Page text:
Matt Nagy: Trubisky 'certainly a part of' going to Bears


An Andy Reid disciple and the play-calling mastermind behind the Kansas City Chiefs' late-season turnaround, new Chicago Bears coach Matt Nagy spent much of Tuesday's introductory press conference answering one question: Can he pull the same trick with Mitchell Trubisky, as he did with Alex Smith?

Nagy lauded Trubisky and praised Chicago's early selection of the QB in the 2017 draft, but also insisted that his role as the 16th coach in Bears history will be more than just developing the face of the franchise.

"It's certainly a part of it, but that's not the reason why I'm here," Nagy said Tuesday. "I'm here because of the organization and the direction and I could feel that from the moment I was in that interview process.

"This is a team game and everyone on this team is just as important as the quarterback, but that was certainly a part of it."

General manager Ryan Pace echoed those sentiments in the opening minute of his remarks.

"This is about more than the quarterback," Pace explained to reporters. "Yes, that's the most important position on our team, but this is about 53 players and it's about leading a group of men and it's about winning in all three phases."

As Kansas City's offensive coordinator, Nagy got an up-close look at Trubisky during the 2017 draft process, bringing the future Bears QB into K.C. for a day-long visit. Nagy told Chicago media Tuesday that his pre-draft sit-down with Trubisky was "unbelievable" and that the QB "knew football inside and out."

Chicago ended up snagging Trubisky early on in the draft, trading up one spot into the second selection to draft the North Carolina quarterback. Trubisky enjoyed a fine rookie season, replacing Mike Glennon as the starter in Week 5. In 12 games, the rookie compiled four wins, threw seven touchdowns to seven picks and completed 59.4 percent of his passes.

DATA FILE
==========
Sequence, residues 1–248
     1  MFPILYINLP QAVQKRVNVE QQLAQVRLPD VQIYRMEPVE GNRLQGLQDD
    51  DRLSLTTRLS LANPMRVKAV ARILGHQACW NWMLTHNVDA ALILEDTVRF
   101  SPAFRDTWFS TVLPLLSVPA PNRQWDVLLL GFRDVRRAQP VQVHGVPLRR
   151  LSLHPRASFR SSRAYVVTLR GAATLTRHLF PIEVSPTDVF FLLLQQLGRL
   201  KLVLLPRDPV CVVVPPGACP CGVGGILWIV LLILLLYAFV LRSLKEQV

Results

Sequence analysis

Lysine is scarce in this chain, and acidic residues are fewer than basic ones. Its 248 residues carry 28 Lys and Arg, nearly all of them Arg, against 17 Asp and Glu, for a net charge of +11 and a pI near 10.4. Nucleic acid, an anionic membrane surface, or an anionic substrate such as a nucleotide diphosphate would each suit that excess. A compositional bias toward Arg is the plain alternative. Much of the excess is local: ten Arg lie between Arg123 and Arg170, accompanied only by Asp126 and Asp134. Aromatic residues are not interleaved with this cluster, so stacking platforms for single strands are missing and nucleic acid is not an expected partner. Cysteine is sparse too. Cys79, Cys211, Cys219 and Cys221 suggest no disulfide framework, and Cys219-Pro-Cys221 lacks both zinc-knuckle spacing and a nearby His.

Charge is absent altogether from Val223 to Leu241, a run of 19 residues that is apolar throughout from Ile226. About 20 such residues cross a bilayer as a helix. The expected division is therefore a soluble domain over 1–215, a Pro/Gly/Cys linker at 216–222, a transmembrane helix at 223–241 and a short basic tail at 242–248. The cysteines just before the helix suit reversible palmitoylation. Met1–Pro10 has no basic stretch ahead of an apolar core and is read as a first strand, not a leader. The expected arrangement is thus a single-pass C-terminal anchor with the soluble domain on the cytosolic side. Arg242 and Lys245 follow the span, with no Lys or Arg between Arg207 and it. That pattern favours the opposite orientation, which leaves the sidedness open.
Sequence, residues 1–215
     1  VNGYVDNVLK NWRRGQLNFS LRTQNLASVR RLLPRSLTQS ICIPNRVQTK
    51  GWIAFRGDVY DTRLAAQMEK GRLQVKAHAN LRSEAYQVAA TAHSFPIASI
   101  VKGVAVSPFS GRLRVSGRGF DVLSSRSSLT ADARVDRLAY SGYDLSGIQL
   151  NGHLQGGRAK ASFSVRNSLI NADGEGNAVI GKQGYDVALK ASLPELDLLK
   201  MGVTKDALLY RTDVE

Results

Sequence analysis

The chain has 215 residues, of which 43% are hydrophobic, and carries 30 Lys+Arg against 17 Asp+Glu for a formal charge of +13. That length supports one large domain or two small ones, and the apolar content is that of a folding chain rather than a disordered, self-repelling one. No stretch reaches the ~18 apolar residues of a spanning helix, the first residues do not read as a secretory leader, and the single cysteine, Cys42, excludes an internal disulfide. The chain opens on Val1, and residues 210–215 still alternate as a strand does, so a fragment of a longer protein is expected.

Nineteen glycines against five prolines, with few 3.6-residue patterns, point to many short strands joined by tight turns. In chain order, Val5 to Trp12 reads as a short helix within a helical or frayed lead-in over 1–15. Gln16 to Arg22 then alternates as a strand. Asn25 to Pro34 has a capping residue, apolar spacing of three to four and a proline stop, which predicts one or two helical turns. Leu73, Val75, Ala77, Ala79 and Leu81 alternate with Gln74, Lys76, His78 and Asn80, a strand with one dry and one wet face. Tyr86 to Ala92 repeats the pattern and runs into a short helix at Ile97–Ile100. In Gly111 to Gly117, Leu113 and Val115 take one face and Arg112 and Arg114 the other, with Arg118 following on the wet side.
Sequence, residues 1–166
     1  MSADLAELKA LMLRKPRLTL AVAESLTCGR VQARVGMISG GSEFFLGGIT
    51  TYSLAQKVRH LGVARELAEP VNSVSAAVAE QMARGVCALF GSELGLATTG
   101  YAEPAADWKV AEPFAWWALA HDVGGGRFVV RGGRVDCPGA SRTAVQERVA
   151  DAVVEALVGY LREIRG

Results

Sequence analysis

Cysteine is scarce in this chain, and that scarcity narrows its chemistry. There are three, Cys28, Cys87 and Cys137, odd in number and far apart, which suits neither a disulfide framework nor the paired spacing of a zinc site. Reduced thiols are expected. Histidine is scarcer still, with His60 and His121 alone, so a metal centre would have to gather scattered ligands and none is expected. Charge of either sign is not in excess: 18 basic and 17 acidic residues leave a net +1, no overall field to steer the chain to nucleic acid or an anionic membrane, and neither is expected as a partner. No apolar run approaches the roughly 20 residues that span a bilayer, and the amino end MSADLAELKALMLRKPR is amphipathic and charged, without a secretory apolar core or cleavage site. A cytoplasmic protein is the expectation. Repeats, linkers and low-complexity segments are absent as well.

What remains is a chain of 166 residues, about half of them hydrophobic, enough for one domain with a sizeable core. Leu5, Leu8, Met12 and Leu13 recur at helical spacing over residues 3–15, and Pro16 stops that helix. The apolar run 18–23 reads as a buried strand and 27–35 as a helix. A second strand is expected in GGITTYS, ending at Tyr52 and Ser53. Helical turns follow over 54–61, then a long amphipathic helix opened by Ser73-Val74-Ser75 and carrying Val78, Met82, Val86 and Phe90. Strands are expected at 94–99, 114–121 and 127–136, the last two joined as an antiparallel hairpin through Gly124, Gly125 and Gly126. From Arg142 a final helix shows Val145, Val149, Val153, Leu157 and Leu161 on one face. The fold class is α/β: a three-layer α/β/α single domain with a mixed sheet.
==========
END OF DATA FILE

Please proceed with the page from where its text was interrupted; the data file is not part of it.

K.C., meanwhile, traded up eight spots after Chicago to draft Patrick Mahomes, who sat on the bench until Week 17 when he finally got his shot. Nagy added that dealing with a rookie quarterback of his own in 2017 will help inform his tutoring of the Bears' young signal-caller.

"It's a different way to teach for me, but that was good," Nagy explained. "It kind of brought that out of me to understand, listen, he doesn't know the concept of this play. ... It made me a better person. It made me a better coach."

The hiring of Nagy to tutor Trubisky after a milquetoast rookie season under an unachieving coaching staff looks, on face value, like an attempt to mimic what the Los Angeles Rams did last offseason with Sean McVay and Jared Goff. They say it's a copycat league, after all.

So regardless of what Pace and Nagy claim, the success of this new era of Bears football will depend on the development of Trubisky into a quarterback worthy of the second overall pick.

Here are some other important nuggets from Nagy's first showing as HBC of "Da Bears":

»  Vic Fangio's fate in Chicago is still up in the air. After being passed over for the head coaching job, the defensive coordinator is reportedly being courted by the rival Green Bay Packers to fill the same role, vacated by the fired Dom Capers. Nagy said Tuesday that the two have talked and that the Bears will "make a clear decision" soon regarding retaining Fangio. NFL Network Insider Ian Rapoport reported, per sources informed, that the team is expected to retain him and a deal should be done soon.

»  Nagy said he will call plays for the Bears next season. He took over play-calling duties from Reid in Week 13, after which K.C. enjoyed a four-game winning streak and averaged 28 points per game.

»  As much as he'd probably like to, Nagy couldn't escape questions about the last game he coached, Kansas City's second-half collapse in Saturday's wild-card loss to the Tennessee Titans. "I was numb for a lot of the night for so many different reasons," Nagy said. "I called every single play in the second half. Again, that's a learning situation for me. ... For me, that was a failure in my book."

Nagy specifically addressed the elephant in the room, the Chiefs' inability to get over the loss of Travis Kelce on Saturday. "You lose a player like Kelce, you've got to adapt," Nagy admitted. "I know that our offense and our offensive staff supports me, Coach Reid supports me. I called every single play in the second half. I stand by it. I promise you I'm going to learn from it."